Measures that require children to be vaccinated were enacted as a means to protect school-age children from contracting and spreading various diseases. When making the decision on whether to vaccinate your child, it is important to know your own state’s laws. What may be a legal exception to the vaccine requirement in one state, may not be the same in another state.

Though no federal law exists that requires parents to vaccinate their children, all 50 states have laws that require school children to be vaccinated against diphtheria, tetanus, and pertussis (DTaP vaccine); hepatitis (HBV); measles and rubella (MMR vaccine); polio (IPV vaccine); and varicella (chickenpox). Medical exemptions to vaccination are allowed in all 50 states, 47 states allow religious exemptions, and 18 states allow philosophical (personal beliefs) exemptions.

Vaccination is a contentious topic for many people. Lawsuits against parents who did not vaccinate their children have developed as a result of their children falling ill and infecting others. If a parent does not comply with a school’s vaccination policy, the child will not be allowed to attend, and the parent can then be arrested for the child’s truancy. For this reason, many anti-vaccination parents have chosen to homeschool their children.

Read More About:

Legally Opting Out From Vaccinations: Personal Exemptions Beliefs

There are 18 states that allow parents to opt-out of vaccinations based on their philosophical, personal, or moral beliefs. Though it is possible to opt-out of vaccination, the risk to the public’s health may not preclude the parent from being sued by another party who may become injured as a result. In some cases, parents who are anti-immunization may also be at risk of criminal prosecution.

As vaccination controversy continues to grow and the rates of measles and other serious, life-threatening illnesses are rising, many states are refusing to accept a personal, moral, or philosophical exemption.

Warnings From the Center for Disease Control (CDC) for Parents Who Don’t Vaccinate

The Center for Disease Control (CDC) warns of the risk posed to the public for those who do not vaccinate their children. Most diseases that are preventable through vaccine, are spread from one person to another. If one person gets sick, the disease can be transmitted to others who are not immune. When more people are vaccinated, the less opportunity a disease has to cause illness.

Though the United States has very low rates of vaccine-preventable diseases, this isn’t the case for other countries. Vaccination prevents the senseless spread of potentially fatal diseases, but having just one non-immunized person fall ill of a deadly disease, could trigger a serious outbreak. For instance, one sick person on an airplane flight could start a string of outbreaks nationwide, and possibly, worldwide.

Not only do vaccines protect other school children, but also those individuals who cannot receive vaccinations. For instance, some cancer patients are extremely susceptible to diseases. If they come into contact with one of these diseases, their immune system simply cannot fight off the infection, and they may die. In some cases, a person’s physiological make-up does not respond to the vaccine, so they, too, cannot fight off the infection.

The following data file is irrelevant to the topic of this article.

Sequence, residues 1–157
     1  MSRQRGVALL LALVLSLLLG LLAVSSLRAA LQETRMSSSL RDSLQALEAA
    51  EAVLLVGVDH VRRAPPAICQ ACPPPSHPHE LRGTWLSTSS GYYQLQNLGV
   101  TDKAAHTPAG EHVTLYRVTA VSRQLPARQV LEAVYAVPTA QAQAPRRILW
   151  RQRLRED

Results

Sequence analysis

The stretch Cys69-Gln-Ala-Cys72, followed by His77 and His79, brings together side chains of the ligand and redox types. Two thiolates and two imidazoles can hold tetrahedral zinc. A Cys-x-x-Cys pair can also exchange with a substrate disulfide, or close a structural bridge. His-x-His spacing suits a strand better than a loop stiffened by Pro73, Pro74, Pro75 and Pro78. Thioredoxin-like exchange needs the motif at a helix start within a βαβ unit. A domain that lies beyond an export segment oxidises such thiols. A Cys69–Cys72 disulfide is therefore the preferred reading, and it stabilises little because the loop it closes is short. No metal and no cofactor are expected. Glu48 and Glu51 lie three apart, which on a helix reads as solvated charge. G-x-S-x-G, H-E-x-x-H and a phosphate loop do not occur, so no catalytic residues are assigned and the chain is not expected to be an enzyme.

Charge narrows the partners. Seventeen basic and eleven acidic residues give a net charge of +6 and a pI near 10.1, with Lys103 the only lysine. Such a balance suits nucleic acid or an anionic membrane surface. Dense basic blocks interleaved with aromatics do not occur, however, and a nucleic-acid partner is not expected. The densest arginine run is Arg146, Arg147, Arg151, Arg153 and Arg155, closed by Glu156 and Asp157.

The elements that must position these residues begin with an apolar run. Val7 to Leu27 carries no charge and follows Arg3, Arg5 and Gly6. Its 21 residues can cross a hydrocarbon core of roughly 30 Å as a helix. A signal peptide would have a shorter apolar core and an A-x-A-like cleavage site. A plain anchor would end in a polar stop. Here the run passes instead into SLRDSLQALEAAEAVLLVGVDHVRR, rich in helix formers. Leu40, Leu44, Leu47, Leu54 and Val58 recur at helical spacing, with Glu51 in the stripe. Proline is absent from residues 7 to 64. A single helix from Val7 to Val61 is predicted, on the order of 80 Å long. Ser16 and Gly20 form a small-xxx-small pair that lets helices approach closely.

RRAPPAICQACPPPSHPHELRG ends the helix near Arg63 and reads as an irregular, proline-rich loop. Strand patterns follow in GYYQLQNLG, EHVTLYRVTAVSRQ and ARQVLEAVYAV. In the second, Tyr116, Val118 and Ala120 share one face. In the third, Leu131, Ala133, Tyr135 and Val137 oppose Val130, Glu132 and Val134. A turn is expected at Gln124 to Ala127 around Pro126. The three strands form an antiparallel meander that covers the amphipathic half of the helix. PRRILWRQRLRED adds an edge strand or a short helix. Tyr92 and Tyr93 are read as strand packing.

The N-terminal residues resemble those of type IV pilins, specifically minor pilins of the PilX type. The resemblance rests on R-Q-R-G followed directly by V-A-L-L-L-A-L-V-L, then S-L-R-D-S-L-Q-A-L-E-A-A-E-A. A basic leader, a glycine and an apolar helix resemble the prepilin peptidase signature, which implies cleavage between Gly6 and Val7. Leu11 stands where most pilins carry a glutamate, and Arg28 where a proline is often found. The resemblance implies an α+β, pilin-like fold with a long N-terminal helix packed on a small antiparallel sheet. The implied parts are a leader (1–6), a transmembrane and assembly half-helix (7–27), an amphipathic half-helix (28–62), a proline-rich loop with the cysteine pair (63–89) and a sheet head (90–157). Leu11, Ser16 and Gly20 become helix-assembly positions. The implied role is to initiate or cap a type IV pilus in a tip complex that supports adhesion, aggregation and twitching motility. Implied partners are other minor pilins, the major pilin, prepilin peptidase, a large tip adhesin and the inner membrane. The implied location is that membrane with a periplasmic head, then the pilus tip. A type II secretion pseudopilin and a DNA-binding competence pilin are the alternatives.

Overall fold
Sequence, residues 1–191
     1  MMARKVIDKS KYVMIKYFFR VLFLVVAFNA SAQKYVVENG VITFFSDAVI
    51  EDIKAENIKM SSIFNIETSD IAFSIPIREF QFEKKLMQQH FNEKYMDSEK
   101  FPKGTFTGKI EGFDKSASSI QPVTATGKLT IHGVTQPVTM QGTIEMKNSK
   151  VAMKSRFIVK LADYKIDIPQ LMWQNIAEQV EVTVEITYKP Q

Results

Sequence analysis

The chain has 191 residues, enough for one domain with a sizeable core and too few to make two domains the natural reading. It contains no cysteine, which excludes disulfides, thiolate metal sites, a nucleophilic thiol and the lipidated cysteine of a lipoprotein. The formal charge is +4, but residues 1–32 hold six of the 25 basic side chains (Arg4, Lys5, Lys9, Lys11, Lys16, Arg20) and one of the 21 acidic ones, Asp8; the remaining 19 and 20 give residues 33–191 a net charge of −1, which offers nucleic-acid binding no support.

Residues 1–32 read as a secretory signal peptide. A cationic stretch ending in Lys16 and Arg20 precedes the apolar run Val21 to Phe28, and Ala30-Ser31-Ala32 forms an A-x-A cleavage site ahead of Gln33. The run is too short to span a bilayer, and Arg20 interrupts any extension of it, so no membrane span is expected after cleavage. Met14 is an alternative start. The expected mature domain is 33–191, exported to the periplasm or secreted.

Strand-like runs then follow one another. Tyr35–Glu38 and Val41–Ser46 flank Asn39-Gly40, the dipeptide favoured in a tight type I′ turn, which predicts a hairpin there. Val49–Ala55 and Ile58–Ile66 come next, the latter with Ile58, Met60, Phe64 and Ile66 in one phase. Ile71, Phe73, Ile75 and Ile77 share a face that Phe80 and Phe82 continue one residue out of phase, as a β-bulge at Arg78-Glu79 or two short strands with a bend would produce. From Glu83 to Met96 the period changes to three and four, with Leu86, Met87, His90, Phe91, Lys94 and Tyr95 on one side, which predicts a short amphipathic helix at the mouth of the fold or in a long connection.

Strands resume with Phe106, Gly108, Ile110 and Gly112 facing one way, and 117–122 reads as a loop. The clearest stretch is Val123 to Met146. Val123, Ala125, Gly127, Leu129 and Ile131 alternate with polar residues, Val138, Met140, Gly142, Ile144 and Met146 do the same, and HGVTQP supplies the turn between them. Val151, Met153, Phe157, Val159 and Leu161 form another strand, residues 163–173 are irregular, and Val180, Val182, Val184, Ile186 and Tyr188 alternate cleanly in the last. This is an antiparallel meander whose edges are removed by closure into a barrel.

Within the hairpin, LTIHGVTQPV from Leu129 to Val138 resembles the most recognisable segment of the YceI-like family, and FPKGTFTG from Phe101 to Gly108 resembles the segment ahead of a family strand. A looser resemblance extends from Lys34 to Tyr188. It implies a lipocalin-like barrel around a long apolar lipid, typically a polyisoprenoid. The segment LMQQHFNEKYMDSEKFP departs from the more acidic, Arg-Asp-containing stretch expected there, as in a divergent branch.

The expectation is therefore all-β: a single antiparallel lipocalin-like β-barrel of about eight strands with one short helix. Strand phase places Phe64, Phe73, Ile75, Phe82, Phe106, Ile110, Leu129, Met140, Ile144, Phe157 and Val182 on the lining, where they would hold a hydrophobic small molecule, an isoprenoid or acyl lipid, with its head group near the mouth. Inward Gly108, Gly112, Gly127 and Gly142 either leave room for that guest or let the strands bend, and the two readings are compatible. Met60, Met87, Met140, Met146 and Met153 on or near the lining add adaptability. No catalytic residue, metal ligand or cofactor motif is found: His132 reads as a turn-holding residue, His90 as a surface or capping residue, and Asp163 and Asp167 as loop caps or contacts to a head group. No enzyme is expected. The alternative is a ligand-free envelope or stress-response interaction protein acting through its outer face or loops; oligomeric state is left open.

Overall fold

Of course, there are also infants and newborns who are too young to receive certain vaccines. While, currently, parents cannot be held criminally liable for exposing a child or chronically ill person to a preventable disease like measles, parents who do not vaccinate can face a certain amount of social backlash.

Outbreaks have been occurring off and on across the country. An outbreak of measles at Disneyland prompted California to require vaccination for all school children with only a medical exception permitted. California is one of the strictest states on vaccination, and also has a correlating low rate of disease transmission.

Separated Parents and the Question of Vaccination

Often, parents that are separated can disagree about the best medical steps for their child. If one parent refuses to vaccinate, but the other parents insists on it, then which parent should prevail? Often, parents against vaccination feel that vaccinating their child will put them in physical danger, potentially death. But parents that are for vaccination feel equally as strong, and view vaccinations as a way to prevent a serious and deadly illness.

It will depend on where the parents live, like if they live in a state that refuses to accept philosophical, moral, or personal exemptions, then it doesn’t matter if a parent feels strongly against it. But if one parent does and the other parent doesn’t, then it will depend on where that child primarily resides.

On top of that, it will depend on if one parent was given more power over medical choices, which doesn’t typically happen. Ultimately, the court will weigh in and apply the best interest standard, which will more likely favor vaccinating the child over not vaccinating it. Despite how strongly a parent might feel about the issue.

Seeking an Attorney’s Advice On Child Vaccinations

If you have any questions relating to liability and the failure to vaccinate, you should speak with a personal injury attorney as soon as possible. State laws vary, and an experienced lawyer will be able to review your case, provide guidance, and assist you in putting together a defense. Your lawyer will walk you through the entire legal process and while protecting your best interests in court.